Alan Richman
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Alan Richman
Alan Richman
Born (1944-01-25) January 25, 1944 (age 76)
EducationUniversity of Pennsylvania
OccupationJournalist, food writer

Alan Richman (born January 25, 1944)[1] is an American journalist and food writer. He was a food correspondent for GQ magazine, and has won 16 James Beard Foundation Awards for journalism.

Early life and education

Richman is a graduate of the General Honors Program at the University of Pennsylvania.[2] He was a cadet in the Army ROTC, rose to the rank of captain on active duty and served two tours in the United States Army, including one in Vietnam |Vietnam]], for which he was awarded the Bronze Star. He also served in the earlier U.S. invasion and occupation of the Dominican Republic.[3]


Richman began his career as a sportswriter in Philadelphia in the 1970s, covering the 76ers for the Philadelphia Evening Bulletin.[4] He later worked as a sports columnist and, using a pseudonym, as restaurant critic for the Montreal Star. Richman began writing for GQ in 1986.[5]

Richman has won 16 James Beard Foundation Journalism Awards for excellence in culinary writing,[6] including two in 2009 for Magazine Feature Writing Without Recipes and Writing on Spirits, Wine, or Beer.[7] He won a National Magazine Award in 1995 for three articles that appeared in GQ.[8]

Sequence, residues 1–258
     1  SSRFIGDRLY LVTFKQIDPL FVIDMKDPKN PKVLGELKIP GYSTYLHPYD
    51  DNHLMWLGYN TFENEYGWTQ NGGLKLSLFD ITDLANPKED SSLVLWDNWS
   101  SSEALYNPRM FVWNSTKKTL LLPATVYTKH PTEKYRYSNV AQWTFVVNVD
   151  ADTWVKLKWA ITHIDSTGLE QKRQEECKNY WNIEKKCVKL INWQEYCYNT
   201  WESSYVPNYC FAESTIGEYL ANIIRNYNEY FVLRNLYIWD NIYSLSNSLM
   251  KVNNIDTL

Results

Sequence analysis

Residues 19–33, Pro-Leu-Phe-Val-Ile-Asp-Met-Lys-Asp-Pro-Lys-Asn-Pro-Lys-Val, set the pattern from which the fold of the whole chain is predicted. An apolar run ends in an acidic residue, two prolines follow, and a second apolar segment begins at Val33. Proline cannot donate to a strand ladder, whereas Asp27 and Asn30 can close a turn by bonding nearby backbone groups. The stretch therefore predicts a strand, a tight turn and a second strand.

In 2004, HarperCollins published Fork It Over: The Intrepid Adventures of a Professional Eater, a collection of Richman's essays about food and dining.[9]

Richman served as the Dean of Food Journalism at The French Culinary Institute in New York City, teaching The Craft of Food Writing.

In 2006, Richman caused a controversy after criticizing the cuisine of New Orleans and questioning the existence of the Creole ethnicity.[10]

In 2009, celebrity chefs David Chang and Anthony Bourdain criticized Richman for "his insistence that celebrity chefs actually cook in their own restaurants."[11] Bourdain's latest book, Medium Raw: A Bloody Valentine to the World of Food and the People Who Cook, contains a chapter entitled "Alan Richman Is a Douchebag" expounding on his view of Richman. In the same chapter Bourdain also said, Alan Richman is so loathsome he lacks 'the gravitas required to be called an asshole'.[12]


  1. ^ Gernstetter, Blake (April 28, 2010). "SO WHAT DO YOU DO, ALAN RICHMAN, FOOD WRITER?". Mediabistro. Retrieved 2014.
  2. ^ "WEDDINGS; Lettie Teague, Alan Richman". The New York Times, October 2, 1994. October 2, 1994. Archived from the original on 29 April 2010. Retrieved 2010.
  3. ^ "From Pagano's to Pop's". Penn Arts and Sciences Magazine, Winter 1998.
  4. ^ "The Only Game in Town: The Death of Sportswriting". GQ magazine, August, 2007. Archived from the original on 2012-02-25. Retrieved .
  5. ^ "Alan Richman: Meet GQ's fearless food and wine critic". GQ.
  6. ^ "A Toast to Alan Richman". GQ, May 4, 2009.
  7. ^ "2009 JAMES BEARD FOUNDATION AWARDS WINNERS ANNOUNCED" (PDF). JAMES BEARD FOUNDATION, May 4, 2009. Archived from the original (PDF) on May 20, 2009.
  8. ^ "National Magazine Awards Searchable Database". American Society of Magazine Editors. Archived from the original on 2011-05-26. Retrieved .
  9. ^ "BOOK CAPSULE REVIEW: Fork it Over". Entertainment Weekly, Kim Severson, October 29, 2004.
  10. ^ "'Faerie Folk' Strike Back With Fritters". New York Times, Kim Severson, December 6, 2006. December 6, 2006. Retrieved 2010.
  11. ^ "Ten Things Anthony Bourdain and David Chang Hate". New York Magazine, Alexandra Peers, October 10, 2009.
  12. ^ Ozersky, Josh (June 8, 2010). "In Medium Raw, Bourdain Is the Last Honest Man". TIME.

External links

  This article uses material from the Wikipedia page available here. It is released under the Creative Commons Attribution-Share-Alike License 3.0.



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